Succulent are plants that are mainly thickened, fleshy, and engorged, usually to retain water in arid climates or soil conditions. The word succulent comes from the Latin word sucus, meaning ‘juice’, or ‘sap’. Like for example our island cactuses or any other plant that stores water on its stems or leaves. In developing special talents, these plants have developed a special type of survival skills, filled with unique and wonderful shapes, colors, and textures such we can find in the Aruban landscape.
A typical Aruban land scape made out of granite boulders tuna and candelabra cacti.
Our island vegetation shapes local culture and national identity, and so in order to protect it we hope to allow future generations to enjoy their unique environment. The thorny brushes, trees cacti and agave varieties are abundant, though not in large numbers of species. The cactus grows in the wild. Their seeds are dispersed by the wind and fauna, specially birds and bats that feast on their delicious fruits.
The best known or most famous succulent of the island is not really a local plant. This plant was introduced to the island in order to foment cultivation and create new sources of income for the islanders, and yes you guessed it, it is the Aloe. This super plant has been actually imported from the island of Barbados where it was doing good and started to bring in some extra income. This plant was also imported from another island called Socotra, which is located between the Guardafui Channel and the Arabian Sea in the Indian Ocean. Well, the Aloe did really bring wealth for those who had invested in this wonder plant.
The Aruba Aloe did become an important ingredient of many pharmaceutical skin products used as protection against the sun and chemotherapeutic burns. It can also be found in Laxatives, consumed to treat constipation and detoxification.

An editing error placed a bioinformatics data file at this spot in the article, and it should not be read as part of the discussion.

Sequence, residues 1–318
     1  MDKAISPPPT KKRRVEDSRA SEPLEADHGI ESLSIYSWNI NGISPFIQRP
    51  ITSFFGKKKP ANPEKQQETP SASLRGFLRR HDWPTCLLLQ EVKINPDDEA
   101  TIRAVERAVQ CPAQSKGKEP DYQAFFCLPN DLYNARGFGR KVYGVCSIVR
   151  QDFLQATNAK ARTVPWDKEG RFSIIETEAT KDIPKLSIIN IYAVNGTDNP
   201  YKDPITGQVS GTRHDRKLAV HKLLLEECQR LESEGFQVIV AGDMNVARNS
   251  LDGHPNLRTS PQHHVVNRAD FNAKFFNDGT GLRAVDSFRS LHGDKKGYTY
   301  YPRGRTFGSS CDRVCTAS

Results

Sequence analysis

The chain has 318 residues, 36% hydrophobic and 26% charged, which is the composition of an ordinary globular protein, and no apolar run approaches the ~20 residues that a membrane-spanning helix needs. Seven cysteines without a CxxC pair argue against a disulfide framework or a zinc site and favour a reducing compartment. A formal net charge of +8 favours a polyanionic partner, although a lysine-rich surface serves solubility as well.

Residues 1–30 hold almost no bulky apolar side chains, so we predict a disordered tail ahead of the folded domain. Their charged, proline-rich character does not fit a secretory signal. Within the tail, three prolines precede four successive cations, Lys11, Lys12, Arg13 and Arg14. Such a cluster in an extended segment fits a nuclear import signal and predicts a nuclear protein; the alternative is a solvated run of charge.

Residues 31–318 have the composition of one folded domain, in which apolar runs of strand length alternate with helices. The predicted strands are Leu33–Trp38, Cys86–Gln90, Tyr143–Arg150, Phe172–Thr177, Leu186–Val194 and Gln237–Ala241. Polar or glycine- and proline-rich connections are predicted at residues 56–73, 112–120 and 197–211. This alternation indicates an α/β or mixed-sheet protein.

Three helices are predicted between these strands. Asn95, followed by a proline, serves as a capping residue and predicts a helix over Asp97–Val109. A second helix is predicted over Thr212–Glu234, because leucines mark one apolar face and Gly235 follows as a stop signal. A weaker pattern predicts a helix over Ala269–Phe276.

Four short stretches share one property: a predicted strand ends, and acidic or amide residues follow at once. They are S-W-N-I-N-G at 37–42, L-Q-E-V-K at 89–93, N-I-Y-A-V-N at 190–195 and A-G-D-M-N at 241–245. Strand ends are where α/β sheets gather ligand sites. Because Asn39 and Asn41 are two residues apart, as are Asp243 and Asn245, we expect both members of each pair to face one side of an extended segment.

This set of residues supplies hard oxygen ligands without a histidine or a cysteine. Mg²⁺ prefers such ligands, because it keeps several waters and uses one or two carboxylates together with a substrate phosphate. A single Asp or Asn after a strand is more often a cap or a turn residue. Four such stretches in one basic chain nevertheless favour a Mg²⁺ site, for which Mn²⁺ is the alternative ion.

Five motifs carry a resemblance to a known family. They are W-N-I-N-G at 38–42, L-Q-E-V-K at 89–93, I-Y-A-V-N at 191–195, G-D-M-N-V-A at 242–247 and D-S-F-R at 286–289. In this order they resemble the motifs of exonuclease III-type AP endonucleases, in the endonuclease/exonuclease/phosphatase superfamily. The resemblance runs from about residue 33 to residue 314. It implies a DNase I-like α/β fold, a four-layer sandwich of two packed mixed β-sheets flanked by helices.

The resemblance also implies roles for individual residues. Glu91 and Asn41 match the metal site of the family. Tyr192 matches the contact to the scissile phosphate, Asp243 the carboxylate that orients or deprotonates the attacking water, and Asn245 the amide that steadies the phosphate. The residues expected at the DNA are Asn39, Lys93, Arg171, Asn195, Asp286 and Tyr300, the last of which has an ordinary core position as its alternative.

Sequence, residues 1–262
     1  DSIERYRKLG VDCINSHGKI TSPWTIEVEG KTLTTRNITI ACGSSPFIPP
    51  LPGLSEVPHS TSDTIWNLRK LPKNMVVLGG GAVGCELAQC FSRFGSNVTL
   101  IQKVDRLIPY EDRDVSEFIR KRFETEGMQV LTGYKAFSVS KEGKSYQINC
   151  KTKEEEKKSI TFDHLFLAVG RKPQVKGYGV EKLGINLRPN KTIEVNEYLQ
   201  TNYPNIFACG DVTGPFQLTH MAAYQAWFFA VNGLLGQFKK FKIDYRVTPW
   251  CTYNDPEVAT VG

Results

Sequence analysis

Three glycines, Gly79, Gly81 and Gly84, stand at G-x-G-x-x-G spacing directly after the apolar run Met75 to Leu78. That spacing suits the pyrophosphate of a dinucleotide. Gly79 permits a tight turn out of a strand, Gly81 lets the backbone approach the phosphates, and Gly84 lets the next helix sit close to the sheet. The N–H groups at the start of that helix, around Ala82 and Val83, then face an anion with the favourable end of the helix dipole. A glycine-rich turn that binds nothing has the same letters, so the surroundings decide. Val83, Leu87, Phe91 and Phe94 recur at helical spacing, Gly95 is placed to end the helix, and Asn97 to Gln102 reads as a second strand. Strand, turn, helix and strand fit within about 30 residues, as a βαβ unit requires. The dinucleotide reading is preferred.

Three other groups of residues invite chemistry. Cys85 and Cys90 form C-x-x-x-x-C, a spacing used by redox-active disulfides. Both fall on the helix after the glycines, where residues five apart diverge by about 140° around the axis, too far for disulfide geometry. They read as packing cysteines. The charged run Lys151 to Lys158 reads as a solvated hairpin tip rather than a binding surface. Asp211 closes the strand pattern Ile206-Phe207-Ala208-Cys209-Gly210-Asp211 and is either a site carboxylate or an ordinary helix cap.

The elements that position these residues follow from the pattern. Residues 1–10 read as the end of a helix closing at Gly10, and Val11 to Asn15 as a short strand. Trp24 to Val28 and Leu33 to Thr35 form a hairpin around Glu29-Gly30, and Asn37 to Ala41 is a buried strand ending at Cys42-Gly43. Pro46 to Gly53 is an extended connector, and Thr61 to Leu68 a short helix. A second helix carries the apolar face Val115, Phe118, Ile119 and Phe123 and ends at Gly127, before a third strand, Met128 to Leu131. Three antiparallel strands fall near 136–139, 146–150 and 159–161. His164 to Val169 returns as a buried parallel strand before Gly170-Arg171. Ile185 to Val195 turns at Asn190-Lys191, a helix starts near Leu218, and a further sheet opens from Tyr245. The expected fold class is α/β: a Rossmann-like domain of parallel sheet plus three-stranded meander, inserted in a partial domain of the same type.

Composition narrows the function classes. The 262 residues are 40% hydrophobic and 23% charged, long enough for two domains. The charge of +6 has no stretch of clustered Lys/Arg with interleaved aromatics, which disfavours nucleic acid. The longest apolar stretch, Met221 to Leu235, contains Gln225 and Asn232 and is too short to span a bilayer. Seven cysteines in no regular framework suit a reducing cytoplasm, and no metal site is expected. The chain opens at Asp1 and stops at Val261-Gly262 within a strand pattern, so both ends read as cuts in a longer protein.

The cacti have a very important ecological role: their fruits and flowers, which some bloom only at night, provide critical food resources for a variety of the islands’ bats, birds and reptiles.
There are three types of candelabra or organ pipe cacti species that dominate the landscape of the island. Stenocereus griseus, Cereus repandus and Pilosocereus lanuginosus.
Stenocereus griseus grows straight up and branches out close to the ground; its thorns make up neat rows of rosettes.
Stenocereus griseus is a treelike cactus (3-) 6-9 (-10) meters high, sometimes branching at the base, sometimes with a definite trunk. This species shows latitudinal variation in growth form, from a multi-stemmed shrub sending up from the base 5 to 20 branches 3 to 6 meters high in dry northern habitats to a ten meter columnar arborescent cactus in Caribbean deciduous forest. The flowers, which appear in spring, are followed by the large delicious fruit much prized by the native.
Cereus repandus, known locally as Breba, is the largest of the three cacti species and looks more like a tree as it branches out further from the ground; its thorns form dense rows that stick on the Cereus repandus, The Cereus repandus is an unsearched, under-utilized cactus, grown mostly as an ornamental plant.with branches that grows in all directions.
Pilosocereus lanuginosus is a beautiful golden spinned columnar cactus that can eventually grow up to 30′ feet tall. Pilosocereus lanuginosus branches from the sides of the main stems producing a candelabra effect. Stems average 4″ to 6″+ in diameter and have a glaucous or blueish green skin. Like the other species of Pilosocereus, this species, from warm temperate climate is very easy Cacti to grow however cannot survive any periods of frost
Pilosocereus or cadushi plushi
To get to know more over Aruba’s and its origins, its animals and culture, we highly recommend you to book your visit for our renowned cultural encounter session has been entertaining curious participants for decades. Mail us at firstname.lastname@example.org to confirm your participation. Our facilities and activities take place close to high rise hotels.